Nutrition During Pregnancy
Creating your new diet can be an exciting time for you and your baby. This is your opportunity to develop eating habits that will not only contribute to your health, but also to the growth and development of your baby. Now, more than ever, it is essential that you consume the proper foods and vitamins every day.
To help make this dietary transition as simple as possible, we’ve outlined basic guidelines below. By following these dietary steps and the rule of moderation, you will help your baby enjoy a healthy future. If you have any questions, Christie Clinic has a registered dietician available for consultation at the request of your physician.
The Basic Pregnancy Diet
- Calcium—four servings daily
- Examples: low-fat milk, cheese, low-fat cottage cheese, low-fat yogurt, calcium-fortified orange juice, soymilk/protein
- Calories—To calculate your caloric intake during pregnancy, multiply your weight by 15, then add 300. For instance, if you weighed 120 pounds, the calculation is: 120x 15=1,800 + 300=2,100 calories/day
- Fats & high-fat foods—in moderation, no more than 30% of your caloric intake
- Fluids—eight 8-ounce glasses daily
- Fruits & veggies—two and three servings daily
- Examples (two servings): apples, bananas, grapes, asparagus, green beans, potatoes
- Examples (three servings): cantaloupe, peaches, broccoli, carrots, dark green lettuce
- Iron—Most of the nutrients from your daily diet will help meet your iron requirements.
- Prenatal vitamins—daily
- Protein—three servings daily
- Examples: low-fat milk, cottage cheese, yogurt, eggs, chicken, turkey, lean beef
- Vitamin C—three or more servings daily
- Examples: grapefruit (juice), oranges (juice), collard greens, raw cabbage, tomatoes, broccoli
- Whole grains & legumes—six to 11 servings daily
- Examples: whole wheat, oats, corn, rye, barley, rice, peas, beans, peanuts
Safe Food Handling for a Healthy Pregnancy
Protect you and your baby from LISTERIOSIS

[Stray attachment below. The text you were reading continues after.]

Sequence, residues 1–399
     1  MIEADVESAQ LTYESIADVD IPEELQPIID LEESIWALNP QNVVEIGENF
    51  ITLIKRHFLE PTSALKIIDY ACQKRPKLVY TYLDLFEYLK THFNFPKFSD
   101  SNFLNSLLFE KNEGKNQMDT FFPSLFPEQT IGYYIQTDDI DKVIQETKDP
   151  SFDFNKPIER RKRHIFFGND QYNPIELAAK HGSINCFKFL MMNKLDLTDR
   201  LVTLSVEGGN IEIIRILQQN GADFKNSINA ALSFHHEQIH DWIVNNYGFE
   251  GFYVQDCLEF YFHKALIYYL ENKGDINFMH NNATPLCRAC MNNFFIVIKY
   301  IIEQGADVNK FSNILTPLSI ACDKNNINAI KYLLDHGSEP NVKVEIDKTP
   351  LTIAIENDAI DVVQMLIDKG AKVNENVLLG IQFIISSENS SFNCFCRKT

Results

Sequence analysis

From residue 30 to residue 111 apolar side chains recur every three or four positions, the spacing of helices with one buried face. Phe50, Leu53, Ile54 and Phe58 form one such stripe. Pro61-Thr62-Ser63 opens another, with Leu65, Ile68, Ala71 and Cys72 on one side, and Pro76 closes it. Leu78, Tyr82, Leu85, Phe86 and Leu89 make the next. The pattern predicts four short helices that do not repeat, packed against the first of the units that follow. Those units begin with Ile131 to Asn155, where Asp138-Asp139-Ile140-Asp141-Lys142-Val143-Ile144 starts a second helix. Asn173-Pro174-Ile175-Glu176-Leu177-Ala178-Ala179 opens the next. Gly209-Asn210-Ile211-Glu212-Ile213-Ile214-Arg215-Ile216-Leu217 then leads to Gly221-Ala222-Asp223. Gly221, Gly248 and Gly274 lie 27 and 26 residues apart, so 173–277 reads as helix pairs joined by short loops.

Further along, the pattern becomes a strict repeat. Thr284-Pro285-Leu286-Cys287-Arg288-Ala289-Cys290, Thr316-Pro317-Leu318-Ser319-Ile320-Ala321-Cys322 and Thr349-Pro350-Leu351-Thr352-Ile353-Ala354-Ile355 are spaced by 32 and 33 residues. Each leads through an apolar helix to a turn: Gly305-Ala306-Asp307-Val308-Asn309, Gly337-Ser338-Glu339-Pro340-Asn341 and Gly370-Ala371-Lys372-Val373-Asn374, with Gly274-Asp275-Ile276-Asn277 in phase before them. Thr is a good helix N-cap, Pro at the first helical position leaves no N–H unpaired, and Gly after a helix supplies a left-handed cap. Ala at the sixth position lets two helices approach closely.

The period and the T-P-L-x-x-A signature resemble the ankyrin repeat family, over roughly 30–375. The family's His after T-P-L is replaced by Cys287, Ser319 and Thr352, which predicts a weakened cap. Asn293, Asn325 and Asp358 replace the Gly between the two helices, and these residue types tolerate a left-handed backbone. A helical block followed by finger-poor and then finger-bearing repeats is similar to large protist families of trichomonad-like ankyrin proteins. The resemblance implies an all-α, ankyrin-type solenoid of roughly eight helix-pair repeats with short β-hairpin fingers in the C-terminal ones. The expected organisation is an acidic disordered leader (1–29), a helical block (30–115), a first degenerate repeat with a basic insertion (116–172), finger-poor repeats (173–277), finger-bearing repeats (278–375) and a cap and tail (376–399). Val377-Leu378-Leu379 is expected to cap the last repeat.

Pregnant women are more prone to get sick from listeria, harmful bacteria found in many foods. Listeria can lead to a disease called listeriosis, which can cause miscarriage, premature delivery, serious sickness, or the death of a newborn baby. If you’re pregnant, you need to make sure your foods are safe to eat.
How can I keep my food safe?
- To avoid listeria growth in your refrigerator and freezer, set the temperature to 40 degrees Fahrenheit or lower and 0 degrees Fahrenheit or lower respectively. Check your refrigerator’s temperature using a refrigerator thermometer.
- Clean up all refrigerator spills right away—especially juices from hot dog packages, seafood, raw meat, chicken, or turkey.
- Clean your refrigerator’s inside walls and shelves with hot water and liquid soap, then rinse thoroughly.
- Use precooked or ready-to-eat food as soon as you can. Don’t store it in the refrigerator too long.
- Wash your hands after you touch hot dogs, raw meat, chicken, turkey, seafood, or meat juice.
- Do not drink unpasteurized milk.
How will I know if I have listeria?
Unfortunately, the illness takes weeks to develop, so you may not know immediately. Early signs include fever, chills, muscle aches, diarrhea, and an upset stomach. At first, it may feel like the flu. Later on, you may have a stiff neck, headache, convulsions, or loss of balance.
What should I do if I think I have listeriosis?
If you have any of the above symptoms, call your doctor, nurse, or health clinic. Listeriosis can be treated effectively.
For more information about food safety, visit the U.S. Department of Agriculture Food Safety and Inspection Service web site at www.fsis.usda.gov.